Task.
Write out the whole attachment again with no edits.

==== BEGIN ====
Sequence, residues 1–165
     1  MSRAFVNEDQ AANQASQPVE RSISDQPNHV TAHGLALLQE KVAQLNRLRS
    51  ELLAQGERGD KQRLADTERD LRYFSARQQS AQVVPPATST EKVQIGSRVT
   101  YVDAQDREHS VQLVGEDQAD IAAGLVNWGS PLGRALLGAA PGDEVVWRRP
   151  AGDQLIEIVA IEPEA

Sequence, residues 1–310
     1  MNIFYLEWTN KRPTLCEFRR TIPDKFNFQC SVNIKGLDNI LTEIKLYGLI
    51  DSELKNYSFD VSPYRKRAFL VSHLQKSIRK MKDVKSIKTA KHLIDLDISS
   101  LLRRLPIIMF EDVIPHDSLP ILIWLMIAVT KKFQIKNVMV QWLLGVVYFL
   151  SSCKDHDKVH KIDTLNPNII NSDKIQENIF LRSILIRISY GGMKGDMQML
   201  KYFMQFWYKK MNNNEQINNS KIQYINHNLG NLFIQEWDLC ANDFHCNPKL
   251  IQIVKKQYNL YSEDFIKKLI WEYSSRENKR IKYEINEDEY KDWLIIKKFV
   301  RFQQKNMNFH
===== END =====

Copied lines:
Sequence, residues 1–165
     1  MSRAFVNEDQ AANQASQPVE RSISDQPNHV TAHGLALLQE KVAQLNRLRS
    51  ELLAQGERGD KQRLADTERD LRYFSARQQS AQVVPPATST EKVQIGSRVT
   101  YVDAQDREHS VQLVGEDQAD IAAGLVNWGS PLGRALLGAA PGDEVVWRRP
   151  AGDQLIEIVA IEPEA

Sequence, residues 1–310
     1  MNIFYLEWTN KRPTLCEFRR TIPDKFNFQC SVNIKGLDNI LTEIKLYGLI
    51  DSELKNYSFD VSPYRKRAFL VSHLQKSIRK MKDVKSIKTA KHLIDLDISS
   101  LLRRLPIIMF EDVIPHDSLP ILIWLMIAVT KKFQIKNVMV QWLLGVVYFL
   151  SSCKDHDKVH KIDTLNPNII NSDKIQENIF LRSILIRISY GGMKGDMQML
   201  KYFMQFWYKK MNNNEQINNS KIQYINHNLG NLFIQEWDLC ANDFHCNPKL
   251  IQIVKKQYNL YSEDFIKKLI WEYSSRENKR IKYEINEDEY KDWLIIKKFV
   301  RFQQKNMNFH